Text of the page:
George Orkney Waits, as a young boy began working in lumber operations around Macon Georgia. He became a manager at the mill. After his marriage to Harriet Pamela McIntosh, Waits managed a sawmill operation in Cordele, Georgia. In 1905, he formed a partnership with James D. Henderson, he and his wife first built a beautiful home in Andalusia Al. The company purchased the mill in Caryville and in 1914, Waits began management of that mill calling it Henderson Waits Lumber Company; because of the mosquitos associated with its nearness to the river and its swamps, Waits chose to build his wife, whose health was delicate, a home in Bonifay. The land was purchased from M. E. and Meridien Johnson in 1919, the same year Tison came to Bonifay. The architect for the house was a Mr. Ausfeldt of Montgomery, Al and the contractor was William Whaley of Opp, Al; the Waits lived in the house for only a short time before moving to Bagdad, Florida where the company had a much larger operation than at Caryville. The Caryville mill was sold to Brown Florida company.
She died there not long after their move and he died in Bagdad, Fl James C. Waits, the oldest Waits son owned and managed a mill in Warsaw, Ga, but due to a fire, most of that mill was destroyed, he and his wife bought the Waits House from the Henderson Waits Lumber Company and moved to Bonifay about 1936. They had it restored and Maude brought many beautiful azaleas and camellias and other shrubs for landscaping. In 1931, Waits's sister died leaving a 2-year-old child, Edward Shaver, Jr.. Childless and Maude Waits couple took him into their home and raised him as their own. Here in Bonifay, he was known as Sonny Waits, he finished public school here, went to FSU. He went to Harvard Medical School in Boston Ma. for Surgical training. He died last year in Charlotte N. C. after a successful Head and Neck Surgery specialty there. The Waits were active in the community, he raised cattle. He along with J. C. McGee started a successful oil distribution business; the Waits were active in community and school affairs, the Business Men's Club, Boy Scout troops, their special interest, First Baptist Church where he served as a deacon, SS.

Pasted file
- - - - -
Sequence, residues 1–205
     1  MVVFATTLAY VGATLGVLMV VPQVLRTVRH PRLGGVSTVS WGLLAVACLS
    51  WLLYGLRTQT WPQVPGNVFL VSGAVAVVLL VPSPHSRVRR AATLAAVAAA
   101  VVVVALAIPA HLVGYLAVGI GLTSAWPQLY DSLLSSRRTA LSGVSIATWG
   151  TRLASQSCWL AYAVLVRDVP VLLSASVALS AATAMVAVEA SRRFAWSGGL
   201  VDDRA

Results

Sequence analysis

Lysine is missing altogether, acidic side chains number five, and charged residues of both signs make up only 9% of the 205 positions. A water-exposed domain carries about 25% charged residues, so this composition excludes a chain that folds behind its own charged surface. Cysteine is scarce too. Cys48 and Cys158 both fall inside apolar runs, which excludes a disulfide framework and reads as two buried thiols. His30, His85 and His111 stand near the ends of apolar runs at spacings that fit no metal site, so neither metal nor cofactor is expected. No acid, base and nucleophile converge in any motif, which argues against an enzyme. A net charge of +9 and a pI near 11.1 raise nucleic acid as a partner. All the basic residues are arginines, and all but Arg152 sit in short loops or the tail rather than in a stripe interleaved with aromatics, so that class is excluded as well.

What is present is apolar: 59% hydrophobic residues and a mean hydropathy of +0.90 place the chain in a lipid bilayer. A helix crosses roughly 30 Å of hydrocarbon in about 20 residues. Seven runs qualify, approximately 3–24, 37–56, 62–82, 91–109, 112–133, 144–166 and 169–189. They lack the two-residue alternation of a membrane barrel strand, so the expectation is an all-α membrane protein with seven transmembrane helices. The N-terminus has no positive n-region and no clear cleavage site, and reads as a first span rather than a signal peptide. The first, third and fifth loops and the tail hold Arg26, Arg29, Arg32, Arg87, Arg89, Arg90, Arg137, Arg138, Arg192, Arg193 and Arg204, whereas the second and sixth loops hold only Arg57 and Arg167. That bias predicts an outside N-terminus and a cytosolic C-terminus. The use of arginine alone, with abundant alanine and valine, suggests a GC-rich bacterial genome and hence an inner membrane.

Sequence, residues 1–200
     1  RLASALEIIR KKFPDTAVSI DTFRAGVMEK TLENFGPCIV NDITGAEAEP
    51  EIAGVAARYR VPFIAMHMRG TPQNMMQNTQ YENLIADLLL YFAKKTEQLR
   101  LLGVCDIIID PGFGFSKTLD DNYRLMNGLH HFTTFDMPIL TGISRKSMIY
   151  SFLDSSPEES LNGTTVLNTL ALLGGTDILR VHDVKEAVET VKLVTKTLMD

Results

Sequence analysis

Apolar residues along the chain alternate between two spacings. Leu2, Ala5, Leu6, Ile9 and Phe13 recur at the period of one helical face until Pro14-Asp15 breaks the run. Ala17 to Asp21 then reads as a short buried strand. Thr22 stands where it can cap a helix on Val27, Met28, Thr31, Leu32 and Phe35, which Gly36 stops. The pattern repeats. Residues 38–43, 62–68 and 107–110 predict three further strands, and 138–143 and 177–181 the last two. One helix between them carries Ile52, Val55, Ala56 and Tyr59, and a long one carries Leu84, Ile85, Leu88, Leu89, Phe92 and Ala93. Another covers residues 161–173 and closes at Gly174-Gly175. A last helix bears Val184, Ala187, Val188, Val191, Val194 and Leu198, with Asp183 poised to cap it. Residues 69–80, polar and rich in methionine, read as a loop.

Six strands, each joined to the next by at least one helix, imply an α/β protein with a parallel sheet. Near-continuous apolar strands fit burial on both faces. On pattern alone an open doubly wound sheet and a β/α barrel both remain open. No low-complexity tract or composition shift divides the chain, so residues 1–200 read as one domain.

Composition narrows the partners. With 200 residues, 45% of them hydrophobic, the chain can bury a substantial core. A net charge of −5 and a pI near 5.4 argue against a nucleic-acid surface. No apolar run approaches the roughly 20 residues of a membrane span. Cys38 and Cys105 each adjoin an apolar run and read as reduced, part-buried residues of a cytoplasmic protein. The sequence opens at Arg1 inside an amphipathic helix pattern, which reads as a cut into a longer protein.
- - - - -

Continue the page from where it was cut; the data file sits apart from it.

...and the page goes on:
Director, other places of leadership. Until recent years, FBC has had a Maude Waits Sunday School Class, she enjoyed entertaining in her gracious home. The community was shocked in 1948. Sidney Waits indicated that Jim Waits came to Bonifay because Brown Florida Company had defaulted on their loan, the younger Mr. Waits came to Bonifay to close out the mill in Caryville. Prior to his death, the house had been converted into apartments and many young couples made their home there; these included Lela and Edward Harris, Mr. and Mrs. Robert Barker, Mr. and Mrs. Ivan Whitehead and many others. At the time of Mrs. Waits’ death in 1956, Mr. and Mrs. Robert Hall and Robert lived there; because of Sonny's choice of medical specialty, living in a metropolitan area was a necessity so he sold the house to the Halls and they lived there and managed the rentals for a number of years. After that time, several people have bought it. Jennifer Rich's grandmother, Dorothy Garver, bought it about 1976 and restored it to a one-family residence.
But she only lived there a short time. The most recent owner was Frank Barone who along with Jill Hardy Eichman operated it as a place for lodging and party or wedding venues. Sidney Waits a grandson of the builder of the house, George Orkney and Harriet Orkney, lives in Andalusia, Al and has pleasant memories of visiting in the Waits home, he is involved in historical preservation in Andalusia and has been concerned about the rescue and restoration of the house here. He is in his 90's now. Son Chance has recollections of their playing at the house, he recalled how Waits took an interest in Sonny's education and quizzed them at the table on school subjects. Son, not a serious scholar, was embarrassed because he hadn't studied the lesson Mr. Waits was quizzing him on. I am pleased to tell you that Don Smith who grew up in The Bethlehem community and graduated from High school there, one of my husband's former students, has purchased the home. Restoration work has begun including replacement of the basement sump
The United States of America known as the United States or America, is a country composed of 50 states, a federal district, five major self-governing territories, various possessions. At 3.8 million square miles, the United States is the world's third or fourth largest country by total area and is smaller than the entire continent of Europe's 3.9 million square miles. With a population of over 327 million people, the U. S. is the third most populous country. The capital is Washington, D. C. and the largest city by population is New York City. Forty-eight states and the capital's federal district are contiguous in North America between Canada and Mexico; the State of Alaska is in the northwest corner of North America, bordered by Canada to the east and across the Bering Strait from Russia to the west. The State of Hawaii is an archipelago in the mid-Pacific Ocean; the U. S. territories are scattered about the Pacific Ocean and the Caribbean Sea, stretching across nine official time zones. The diverse geography and wildlife of the United States make it one of the world's 17 megadiverse countries.